West Norfolk council have raised the Progress Pride flag today (18th) at the council offices in King’s Lynn ahead of the King’s Lynn and West Norfolk Pride event happening in King’s Lynn tomorrow (19th). The ‘Progress Pride’ flag is an alternative version of the classic rainbow design, which is intended to specifically draw attention to representation of people of colour within the LGBTQ+ community as well as trans and intersex people.
Downham Old Town ward councillor Josh Osborne will propose a motion to West Norfolk Borough council next week which will reaffirm the council’s support of organisations who share values of equality, diversity and inclusion. The motion will also include a commitment to promote Pride events in West Norfolk annually.
On June 28th during Pride month, Cllr Doyle as mayor of Downham Market Town Council raised the Pride flag at the Downham town hall. The date coincided with the 54th anniversary of the Stonewall Riots, a series of protests in response to police harassment of gay bars in New York. Pride marches were started to commemorate the Stonewall Riots as a turning point in the fight for LGBTQ+ rights. Many Pride events, including King’s Lynn and West Norfolk Pride, adopt the slogan “Pride is a protest” to remember this history of activism.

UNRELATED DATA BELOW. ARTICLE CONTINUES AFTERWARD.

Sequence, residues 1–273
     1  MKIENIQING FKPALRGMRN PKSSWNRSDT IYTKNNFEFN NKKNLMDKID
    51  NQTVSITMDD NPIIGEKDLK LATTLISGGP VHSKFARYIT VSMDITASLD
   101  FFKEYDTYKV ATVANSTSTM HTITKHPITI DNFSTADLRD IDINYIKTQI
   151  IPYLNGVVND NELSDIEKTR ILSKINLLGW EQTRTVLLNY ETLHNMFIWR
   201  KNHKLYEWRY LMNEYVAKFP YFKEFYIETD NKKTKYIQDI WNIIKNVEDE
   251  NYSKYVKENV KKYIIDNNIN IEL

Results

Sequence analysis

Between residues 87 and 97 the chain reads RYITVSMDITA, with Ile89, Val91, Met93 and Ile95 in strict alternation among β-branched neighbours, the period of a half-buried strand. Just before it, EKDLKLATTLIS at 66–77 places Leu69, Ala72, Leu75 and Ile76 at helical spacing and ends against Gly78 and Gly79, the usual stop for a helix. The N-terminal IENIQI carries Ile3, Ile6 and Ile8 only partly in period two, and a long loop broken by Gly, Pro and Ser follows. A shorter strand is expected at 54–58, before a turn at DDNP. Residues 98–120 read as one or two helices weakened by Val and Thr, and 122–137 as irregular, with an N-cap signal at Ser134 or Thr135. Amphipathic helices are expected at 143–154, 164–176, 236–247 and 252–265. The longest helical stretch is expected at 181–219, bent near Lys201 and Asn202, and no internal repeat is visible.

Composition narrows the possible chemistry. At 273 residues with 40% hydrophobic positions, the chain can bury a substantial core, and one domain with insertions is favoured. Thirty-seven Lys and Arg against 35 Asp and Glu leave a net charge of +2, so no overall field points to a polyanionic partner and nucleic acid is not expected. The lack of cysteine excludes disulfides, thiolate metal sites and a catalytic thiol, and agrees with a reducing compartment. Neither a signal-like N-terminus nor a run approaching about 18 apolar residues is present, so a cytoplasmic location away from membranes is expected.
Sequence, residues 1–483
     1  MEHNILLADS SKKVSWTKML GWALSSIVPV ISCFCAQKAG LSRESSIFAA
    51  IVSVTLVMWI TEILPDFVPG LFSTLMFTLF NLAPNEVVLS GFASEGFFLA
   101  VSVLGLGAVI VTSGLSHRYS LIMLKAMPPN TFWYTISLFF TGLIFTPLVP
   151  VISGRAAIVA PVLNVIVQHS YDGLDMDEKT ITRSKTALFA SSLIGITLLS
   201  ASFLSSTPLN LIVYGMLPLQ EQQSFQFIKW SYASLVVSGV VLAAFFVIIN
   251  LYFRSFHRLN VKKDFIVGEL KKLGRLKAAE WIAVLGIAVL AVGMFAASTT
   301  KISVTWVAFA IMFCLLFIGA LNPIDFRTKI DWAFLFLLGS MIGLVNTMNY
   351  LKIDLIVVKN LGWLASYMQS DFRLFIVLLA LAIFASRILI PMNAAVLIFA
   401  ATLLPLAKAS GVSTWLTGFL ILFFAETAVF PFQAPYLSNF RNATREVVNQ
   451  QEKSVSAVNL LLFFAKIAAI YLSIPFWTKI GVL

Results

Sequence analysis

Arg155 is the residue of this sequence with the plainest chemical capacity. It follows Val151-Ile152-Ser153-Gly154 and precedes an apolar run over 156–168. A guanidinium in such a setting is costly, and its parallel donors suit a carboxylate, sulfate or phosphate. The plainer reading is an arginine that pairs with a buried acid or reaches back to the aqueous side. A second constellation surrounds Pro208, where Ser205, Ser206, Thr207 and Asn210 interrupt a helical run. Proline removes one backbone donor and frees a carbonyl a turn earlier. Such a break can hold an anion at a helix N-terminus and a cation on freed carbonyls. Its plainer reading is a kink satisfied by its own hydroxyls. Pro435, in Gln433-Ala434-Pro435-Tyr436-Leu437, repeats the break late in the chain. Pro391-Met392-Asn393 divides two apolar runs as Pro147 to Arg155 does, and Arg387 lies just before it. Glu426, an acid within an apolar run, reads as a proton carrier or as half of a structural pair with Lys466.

The flag raising this week comes as the government announced plans to force new buildings to have single-sex toilets after what the government describe as “concern” over gender-neutral toilets.
Many in the LGBTQ+ community say the new rules aim to discriminate and push trans and non-binary people out of public spaces, and would rather have the government focus on more important issues instead. King’s Lynn & West Norfolk Pride said on Twitter about the announcement “this just isn’t reality or a concern for pretty much every rational person.”
The government asked for public comments on this topic in a consultation which received over 17,500 responses. Their own research says that 83% were supportive of gender-neutral toilets. With 79% mentioning safety concerns for trans and non-binary people. Compared to a mere 5% of respondents who raised the so-called “sex vs gender debate”, 69-74% of people in the government’s research raised practical concerns such as disabled persons access, medical issues, baby/family usage, and menstruation.
Census data released in January of this year revealed for the first time that some 1 in 40 people in Downham Market are gay, bisexual, lesbian or other.